of 20320 feet (6,194 m) above sea level
Sea level
Mean sea level is a measure of the average height of the ocean's surface ; used as a standard in reckoning land elevation...

. It is the centerpiece of Denali National Park and Preserve
Denali National Park and Preserve
Denali National Park and Preserve is located in Interior Alaska and contains Denali , the highest mountain in North America. The park and preserve together cover 9,492 mi² .The longest glacier is the Kalhiltna glacier....

.
Mount McKinley is a granitic pluton
Pluton
A pluton in geology is a body of intrusive igneous rock that crystallized from magma slowly cooling below the surface of the Earth. Plutons include batholiths, dikes, sills, laccoliths, lopoliths, and other igneous bodies...

. It has been uplifted by tectonic pressure while at the same time, erosion has stripped away the (somewhat softer) sedimentary rock
Sedimentary rock
Sedimentary rock are types of rock that are formed by the deposition of material at the Earth's surface and within bodies of water. Sedimentation is the collective name for processes that cause mineral and/or organic particles to settle and accumulate or minerals to precipitate from a solution....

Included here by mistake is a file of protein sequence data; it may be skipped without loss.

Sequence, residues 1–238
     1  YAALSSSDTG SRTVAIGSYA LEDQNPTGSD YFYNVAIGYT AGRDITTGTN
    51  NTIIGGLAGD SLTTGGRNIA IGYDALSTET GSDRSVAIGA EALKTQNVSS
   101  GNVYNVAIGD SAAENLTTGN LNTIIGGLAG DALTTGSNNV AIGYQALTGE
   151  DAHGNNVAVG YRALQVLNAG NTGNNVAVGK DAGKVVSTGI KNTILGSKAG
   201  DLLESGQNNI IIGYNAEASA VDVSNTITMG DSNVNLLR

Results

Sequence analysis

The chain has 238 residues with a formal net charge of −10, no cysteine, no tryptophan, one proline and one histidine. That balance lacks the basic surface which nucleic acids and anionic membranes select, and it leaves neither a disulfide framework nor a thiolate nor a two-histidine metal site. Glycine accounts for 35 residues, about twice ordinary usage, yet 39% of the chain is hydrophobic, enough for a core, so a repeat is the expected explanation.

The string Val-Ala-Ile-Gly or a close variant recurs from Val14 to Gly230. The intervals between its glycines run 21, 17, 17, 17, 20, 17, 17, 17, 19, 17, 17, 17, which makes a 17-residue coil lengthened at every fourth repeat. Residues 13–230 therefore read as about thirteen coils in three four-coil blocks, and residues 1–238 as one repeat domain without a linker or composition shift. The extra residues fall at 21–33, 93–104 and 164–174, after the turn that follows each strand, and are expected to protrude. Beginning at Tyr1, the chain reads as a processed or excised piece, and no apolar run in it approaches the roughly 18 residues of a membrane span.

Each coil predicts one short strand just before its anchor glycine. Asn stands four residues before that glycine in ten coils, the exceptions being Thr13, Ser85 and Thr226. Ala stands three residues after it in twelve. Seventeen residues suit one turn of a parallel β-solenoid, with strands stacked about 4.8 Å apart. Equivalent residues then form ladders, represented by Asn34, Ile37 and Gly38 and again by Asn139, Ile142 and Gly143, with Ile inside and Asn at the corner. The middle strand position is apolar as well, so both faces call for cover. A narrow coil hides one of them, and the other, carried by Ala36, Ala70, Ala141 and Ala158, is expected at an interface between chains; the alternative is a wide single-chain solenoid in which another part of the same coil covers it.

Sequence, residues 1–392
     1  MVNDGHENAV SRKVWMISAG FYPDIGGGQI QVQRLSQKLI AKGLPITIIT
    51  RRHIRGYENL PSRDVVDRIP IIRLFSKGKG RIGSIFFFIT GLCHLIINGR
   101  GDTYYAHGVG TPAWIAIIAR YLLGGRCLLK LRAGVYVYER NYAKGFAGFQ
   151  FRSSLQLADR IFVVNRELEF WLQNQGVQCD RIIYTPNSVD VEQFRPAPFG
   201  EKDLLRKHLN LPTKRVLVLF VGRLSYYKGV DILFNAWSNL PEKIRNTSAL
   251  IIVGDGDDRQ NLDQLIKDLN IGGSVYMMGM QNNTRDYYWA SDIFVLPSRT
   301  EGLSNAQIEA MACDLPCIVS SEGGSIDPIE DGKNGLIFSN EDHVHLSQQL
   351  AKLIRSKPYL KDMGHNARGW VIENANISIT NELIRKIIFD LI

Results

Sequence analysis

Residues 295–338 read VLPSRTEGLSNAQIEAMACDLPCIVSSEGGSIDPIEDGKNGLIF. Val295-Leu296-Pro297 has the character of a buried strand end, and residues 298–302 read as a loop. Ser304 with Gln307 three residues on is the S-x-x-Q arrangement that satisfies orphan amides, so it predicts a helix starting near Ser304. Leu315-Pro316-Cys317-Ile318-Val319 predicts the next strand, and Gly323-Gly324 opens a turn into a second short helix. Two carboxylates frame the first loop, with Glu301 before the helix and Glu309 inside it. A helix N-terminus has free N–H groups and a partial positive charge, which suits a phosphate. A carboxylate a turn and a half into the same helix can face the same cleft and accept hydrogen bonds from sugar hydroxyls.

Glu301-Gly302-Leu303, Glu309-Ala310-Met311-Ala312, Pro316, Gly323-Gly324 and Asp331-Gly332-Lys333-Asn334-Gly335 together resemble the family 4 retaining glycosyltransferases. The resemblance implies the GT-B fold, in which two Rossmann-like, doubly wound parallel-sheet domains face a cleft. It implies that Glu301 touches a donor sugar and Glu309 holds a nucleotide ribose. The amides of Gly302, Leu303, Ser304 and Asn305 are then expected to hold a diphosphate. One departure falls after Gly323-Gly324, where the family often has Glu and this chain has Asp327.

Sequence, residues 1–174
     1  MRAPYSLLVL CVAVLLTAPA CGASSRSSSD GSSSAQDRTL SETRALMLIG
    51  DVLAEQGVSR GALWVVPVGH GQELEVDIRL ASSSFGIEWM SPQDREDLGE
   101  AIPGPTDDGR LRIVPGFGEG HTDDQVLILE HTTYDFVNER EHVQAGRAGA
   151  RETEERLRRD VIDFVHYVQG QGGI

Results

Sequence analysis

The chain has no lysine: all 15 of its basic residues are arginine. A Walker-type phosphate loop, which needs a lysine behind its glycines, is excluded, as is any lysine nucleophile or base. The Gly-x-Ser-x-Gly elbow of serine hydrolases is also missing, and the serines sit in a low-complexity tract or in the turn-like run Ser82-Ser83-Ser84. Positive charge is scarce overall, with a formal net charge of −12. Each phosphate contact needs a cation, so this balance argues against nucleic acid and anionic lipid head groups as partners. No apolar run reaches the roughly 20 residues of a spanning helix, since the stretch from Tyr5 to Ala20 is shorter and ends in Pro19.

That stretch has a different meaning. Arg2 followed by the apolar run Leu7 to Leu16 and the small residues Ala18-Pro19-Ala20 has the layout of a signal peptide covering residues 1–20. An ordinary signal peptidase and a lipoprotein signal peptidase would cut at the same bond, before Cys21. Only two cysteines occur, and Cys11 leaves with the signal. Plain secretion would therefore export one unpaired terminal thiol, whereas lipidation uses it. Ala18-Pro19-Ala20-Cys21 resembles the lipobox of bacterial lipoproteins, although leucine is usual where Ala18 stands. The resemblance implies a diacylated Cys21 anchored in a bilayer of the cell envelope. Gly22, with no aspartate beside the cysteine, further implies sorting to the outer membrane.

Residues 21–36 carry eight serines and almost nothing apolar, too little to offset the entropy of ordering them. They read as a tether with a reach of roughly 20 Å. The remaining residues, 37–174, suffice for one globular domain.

above and around the mountain.

The forces that lifted Mount McKinley—the subduction
Subduction
In geology, subduction is the process that takes place at convergent boundaries by which one tectonic plate moves under another tectonic plate, sinking into the Earth's mantle, as the plates converge. These 3D regions of mantle downwellings are known as "Subduction Zones"...

 of the Pacific plate
Pacific Plate
The Pacific Plate is an oceanic tectonic plate that lies beneath the Pacific Ocean. At 103 million square kilometres, it is the largest tectonic plate....

 beneath the North American plate
North American Plate
The North American Plate is a tectonic plate covering most of North America, Greenland, Cuba, Bahamas, and parts of Siberia, Japan and Iceland. It extends eastward to the Mid-Atlantic Ridge and westward to the Chersky Range in eastern Siberia. The plate includes both continental and oceanic crust...

—also raised great ranges across southern Alaska.
Encyclopedia
Mount McKinley or Denali (Koyukon